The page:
I want to try a recap of what I remember of your cpap therapy:
- You tend to insomnia, and on both sleep studies slept very little
- Your first Rx was for a pressure of 9; that pressure gave you aerophagia and nightmares of being force fed like a goose.
- A trial on a Resmed auto resulted in a recommendation to run the APAP pressure at 6 to 8 IIRC.
- You then had a new sleep study, and based on 17 minutes of sleep were Rxed a BIPAP at IPAP 8 EPAP 6
The things that bother you:
- Aerophagia if the pressure is 9
- EPR starting too soon on the Resmed
- Biflex bringing air in too soon on the Respironics -- solved by a rise time of 3
- Air tickling in the back of your throat
Furthermore: All options tried till now have resulted in worse sleep quality than you had before cpap.
Fact: When you sleep at home, there is indication of residual snoring, on both machines.
There are a number of ways of understanding this information:
I. xPAP therapy is not helping you at this point because you have not yet arrived at the proper pressure to keep your airway clear - hence the residual snores.
II. Your extreme sensitivity at the back of your throat is making xPAP therapy a cause of added arousals, instead of a cause of improved sleep.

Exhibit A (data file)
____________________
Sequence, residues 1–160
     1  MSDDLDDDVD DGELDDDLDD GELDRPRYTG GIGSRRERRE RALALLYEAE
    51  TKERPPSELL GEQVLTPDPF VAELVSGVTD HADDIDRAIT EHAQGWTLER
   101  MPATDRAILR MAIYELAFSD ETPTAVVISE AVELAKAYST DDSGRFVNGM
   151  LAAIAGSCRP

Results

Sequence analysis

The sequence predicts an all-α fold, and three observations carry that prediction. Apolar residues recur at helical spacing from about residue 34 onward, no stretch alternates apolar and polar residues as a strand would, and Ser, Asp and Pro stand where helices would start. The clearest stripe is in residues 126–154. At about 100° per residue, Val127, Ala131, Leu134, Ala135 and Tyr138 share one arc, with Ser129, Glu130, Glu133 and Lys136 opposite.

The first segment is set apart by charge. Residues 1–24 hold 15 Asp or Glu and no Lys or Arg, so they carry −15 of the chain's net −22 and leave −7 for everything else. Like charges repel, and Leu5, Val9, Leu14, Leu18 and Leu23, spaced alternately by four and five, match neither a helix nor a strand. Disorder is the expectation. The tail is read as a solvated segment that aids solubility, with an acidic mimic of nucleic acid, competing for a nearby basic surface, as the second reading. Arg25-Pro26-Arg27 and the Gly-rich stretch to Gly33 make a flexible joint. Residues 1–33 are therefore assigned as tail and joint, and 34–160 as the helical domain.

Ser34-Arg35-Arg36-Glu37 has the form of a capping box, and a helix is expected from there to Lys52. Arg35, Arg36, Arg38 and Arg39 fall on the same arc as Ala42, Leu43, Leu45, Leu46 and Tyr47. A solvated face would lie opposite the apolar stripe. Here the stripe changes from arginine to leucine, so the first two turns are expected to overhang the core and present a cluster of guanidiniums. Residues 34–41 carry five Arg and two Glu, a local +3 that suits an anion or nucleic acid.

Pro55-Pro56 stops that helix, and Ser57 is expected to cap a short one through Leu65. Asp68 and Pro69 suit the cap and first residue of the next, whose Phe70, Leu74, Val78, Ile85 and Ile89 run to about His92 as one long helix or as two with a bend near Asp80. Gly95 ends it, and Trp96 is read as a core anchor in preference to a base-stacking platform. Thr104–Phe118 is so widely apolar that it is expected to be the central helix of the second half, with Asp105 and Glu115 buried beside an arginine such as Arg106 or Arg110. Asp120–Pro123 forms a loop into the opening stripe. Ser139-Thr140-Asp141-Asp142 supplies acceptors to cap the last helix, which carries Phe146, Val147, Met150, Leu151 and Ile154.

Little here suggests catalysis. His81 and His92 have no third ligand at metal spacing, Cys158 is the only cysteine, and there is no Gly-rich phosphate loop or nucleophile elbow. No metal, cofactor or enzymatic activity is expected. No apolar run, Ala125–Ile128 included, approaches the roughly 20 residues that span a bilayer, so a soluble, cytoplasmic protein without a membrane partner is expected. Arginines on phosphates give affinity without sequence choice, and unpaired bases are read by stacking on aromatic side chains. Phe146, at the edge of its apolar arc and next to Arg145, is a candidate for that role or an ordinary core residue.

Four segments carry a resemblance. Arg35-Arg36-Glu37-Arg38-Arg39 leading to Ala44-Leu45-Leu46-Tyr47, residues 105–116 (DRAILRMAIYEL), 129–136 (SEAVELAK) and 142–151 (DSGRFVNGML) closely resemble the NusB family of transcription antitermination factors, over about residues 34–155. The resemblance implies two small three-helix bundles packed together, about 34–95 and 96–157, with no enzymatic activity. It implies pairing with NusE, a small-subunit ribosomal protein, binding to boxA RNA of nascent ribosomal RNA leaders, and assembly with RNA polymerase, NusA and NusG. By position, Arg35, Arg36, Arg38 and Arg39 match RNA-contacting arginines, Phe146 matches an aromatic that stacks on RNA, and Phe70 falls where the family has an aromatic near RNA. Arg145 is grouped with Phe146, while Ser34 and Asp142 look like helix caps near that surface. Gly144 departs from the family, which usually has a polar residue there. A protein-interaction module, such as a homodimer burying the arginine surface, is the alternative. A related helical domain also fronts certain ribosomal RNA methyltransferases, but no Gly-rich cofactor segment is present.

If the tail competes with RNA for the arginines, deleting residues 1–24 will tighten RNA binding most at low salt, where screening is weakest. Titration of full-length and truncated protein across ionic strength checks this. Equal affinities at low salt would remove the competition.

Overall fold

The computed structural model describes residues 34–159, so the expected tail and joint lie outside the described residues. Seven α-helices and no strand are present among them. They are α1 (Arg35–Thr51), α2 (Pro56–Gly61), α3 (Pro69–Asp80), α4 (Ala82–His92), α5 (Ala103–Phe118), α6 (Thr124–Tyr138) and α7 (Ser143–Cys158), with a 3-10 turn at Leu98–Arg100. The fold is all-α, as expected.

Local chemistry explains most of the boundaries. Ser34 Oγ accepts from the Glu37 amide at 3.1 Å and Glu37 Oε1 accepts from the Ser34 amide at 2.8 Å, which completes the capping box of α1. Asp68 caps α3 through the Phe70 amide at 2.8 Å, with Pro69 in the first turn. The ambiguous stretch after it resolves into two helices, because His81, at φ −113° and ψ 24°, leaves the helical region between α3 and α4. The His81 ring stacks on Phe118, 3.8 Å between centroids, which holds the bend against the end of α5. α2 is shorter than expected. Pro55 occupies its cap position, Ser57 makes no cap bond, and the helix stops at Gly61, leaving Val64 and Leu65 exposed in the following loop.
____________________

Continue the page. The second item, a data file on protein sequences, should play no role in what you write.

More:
III: Your hypopneas with arousal seen in the sleep study are a result of GERD - which has recently been identified as a cause of insomnia, arousals, irritation of the nasal mucosa and back of throat. People with a weaked lower esophagal sphincter will have more acid reflux -- and more aerophagia.
Of course, all of the above may be true.
I would do the following:
1. Have the issue of GERD thoroughly investigated.
2. Make a concerted, conscious effort to get the back of my throat used to the blowing air. I would do that by using the machine during the day when I'm awake and busy concetrating on something I like doing. This would serve me as a way of experiencing the fact that "air in my throat is something I can
Being highly sensitive can be very difficult -- and sometimes, just knowing we are highly sensitive is a big help in going through life. Sometimes that's not enough, though. Sometimes the next step is finding the ability to tell ourselves "I'm highly sensitive, but I want to try to develop the capacity to ignore this or that irritant". It's not easy, and growing up where our sensitivities are mis-perceived or ignored often makes them clamor for our attention insistently. Learning to overcome some of them means developing the paradoxical capacity of being highly tuned to yourselves, listening to that clamoring voice giving it the attention it needs, accepting it, and yet learning to distract ourselves from it, without making that sensitive part feel betrayed and bereft. Very difficult.
3. I would search for a combination of IPAP and EPAP that would keep me from snoring consistently